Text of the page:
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Karma and what is happening in Washington

FROM A DISTANCE - Carmen N. Pedrosa (The Philippine Star) - January 10, 2021 - 12:00am

What is happening in the US today can be aptly explained by the law of karma which comes from Eastern culture. There are equivalents in Western culture, especially in religion. But the word karma has stuck as a way to describe happenings in our world.

There is such a thing as the law of karma: “The law of karma is a special instance of the law of cause and effect, according to which all our actions of body, speech and mind are causes and all our experiences are their effects.”

Who would ever think it is happening in the Capitol of Washington DC, which often decided what should happen to other countries, especially weaker ones which were at the mercy of the then only super power of the world.

To many, karma is not always bad. To understand the law of karma reminds us to improve the quality of our lives. It teaches us to avoid actions that lead to suffering, both for ourselves and others. By doing so we can achieve greater happiness, both now and in the future.

In his book, “How to Transform Your Life,” Venerable Geshe Kelsang Gyatso explains how to meditate on the law of karma and how to bring this wisdom into our modern, daily lives.

In the book, the modern-day meditation master, Venerable Geshe Kelsang Gyatso, uses the analogy of sowing seeds in a field to explain what karma means and how it functions:

“Karma means actions: the actions of our body, speech and mind. This subject is very meaningful…

“Every action we perform leaves an imprint, or potentiality, on our very subtle mind, and each imprint eventually gives rise to its own effect. Our mind is like a field, and performing actions is like sowing seeds in that field. Virtuous actions sow seeds of future happiness and non-virtuous actions sow seeds of future suffering.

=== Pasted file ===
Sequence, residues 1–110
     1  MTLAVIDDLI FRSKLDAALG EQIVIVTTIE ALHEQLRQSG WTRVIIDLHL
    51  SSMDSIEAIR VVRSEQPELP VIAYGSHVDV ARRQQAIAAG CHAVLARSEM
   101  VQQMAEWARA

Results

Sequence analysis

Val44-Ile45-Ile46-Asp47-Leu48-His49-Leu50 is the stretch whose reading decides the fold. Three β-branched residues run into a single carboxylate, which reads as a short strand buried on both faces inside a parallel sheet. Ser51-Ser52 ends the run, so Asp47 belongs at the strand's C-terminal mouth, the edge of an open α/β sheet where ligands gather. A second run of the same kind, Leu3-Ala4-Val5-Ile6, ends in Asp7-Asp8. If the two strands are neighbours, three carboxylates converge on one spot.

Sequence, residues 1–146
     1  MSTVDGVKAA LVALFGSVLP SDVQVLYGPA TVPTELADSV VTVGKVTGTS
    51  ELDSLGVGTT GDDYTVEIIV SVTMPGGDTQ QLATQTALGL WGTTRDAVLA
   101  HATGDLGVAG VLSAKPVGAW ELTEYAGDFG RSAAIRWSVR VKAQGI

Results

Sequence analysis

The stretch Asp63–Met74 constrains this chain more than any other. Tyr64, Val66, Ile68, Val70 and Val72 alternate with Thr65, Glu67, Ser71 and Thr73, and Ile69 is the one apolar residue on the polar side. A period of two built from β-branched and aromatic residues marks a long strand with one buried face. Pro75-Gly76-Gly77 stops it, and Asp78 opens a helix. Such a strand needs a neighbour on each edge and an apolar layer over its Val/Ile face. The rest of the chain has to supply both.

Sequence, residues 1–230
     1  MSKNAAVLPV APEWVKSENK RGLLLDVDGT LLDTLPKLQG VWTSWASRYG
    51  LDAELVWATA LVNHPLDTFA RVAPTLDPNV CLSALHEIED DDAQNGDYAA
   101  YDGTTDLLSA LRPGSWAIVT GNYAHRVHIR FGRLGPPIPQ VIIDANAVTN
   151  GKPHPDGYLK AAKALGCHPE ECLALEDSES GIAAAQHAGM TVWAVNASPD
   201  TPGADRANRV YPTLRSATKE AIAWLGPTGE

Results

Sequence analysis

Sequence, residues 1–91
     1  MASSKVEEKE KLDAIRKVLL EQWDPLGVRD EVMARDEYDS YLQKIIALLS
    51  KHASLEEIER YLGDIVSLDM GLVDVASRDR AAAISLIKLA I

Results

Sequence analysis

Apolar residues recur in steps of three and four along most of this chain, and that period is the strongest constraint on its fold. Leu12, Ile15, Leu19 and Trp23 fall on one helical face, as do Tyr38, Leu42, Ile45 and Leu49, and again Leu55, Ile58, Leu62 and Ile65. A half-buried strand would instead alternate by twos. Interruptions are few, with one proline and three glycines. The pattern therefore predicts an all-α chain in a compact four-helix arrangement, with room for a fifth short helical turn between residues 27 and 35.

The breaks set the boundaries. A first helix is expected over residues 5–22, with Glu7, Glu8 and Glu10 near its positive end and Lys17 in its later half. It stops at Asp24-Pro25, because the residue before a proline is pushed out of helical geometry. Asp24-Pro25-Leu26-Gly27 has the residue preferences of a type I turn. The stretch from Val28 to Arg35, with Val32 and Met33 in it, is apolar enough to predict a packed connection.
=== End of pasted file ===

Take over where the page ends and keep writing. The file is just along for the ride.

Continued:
“These seeds remain dormant in our mind until the conditions for them to ripen occur, and then they produce their effect. In some cases, this can happen many lifetimes after the original action was performed.”

Karma is often referred to as a “law” in much the same way in which we refer to gravity as a “law.” As Venerable Geshe Kelsang Gyatso explains:

“That is why the law of karma is a special instance of the law of cause and effect, according to which all our actions of body, speech and mind are causes and all our experiences are their effects. The law of karma explains why each individual has a unique mental disposition, a unique physical appearance and unique experiences. These are the various effects of the countless actions that each individual has performed in the past.

“Karma helps us to accept in a positive way any physical or mental difficulties we may be experiencing. For example, if we have a difficult relationship at work or with our partner, or we find it difficult to fulfil our needs and desires. These difficulties are often very painful and unless we have a correct way to fully understand why these happen,  they can cause us to become depressed or angry and resentful, which will cause even more problems both for ourselves and for others.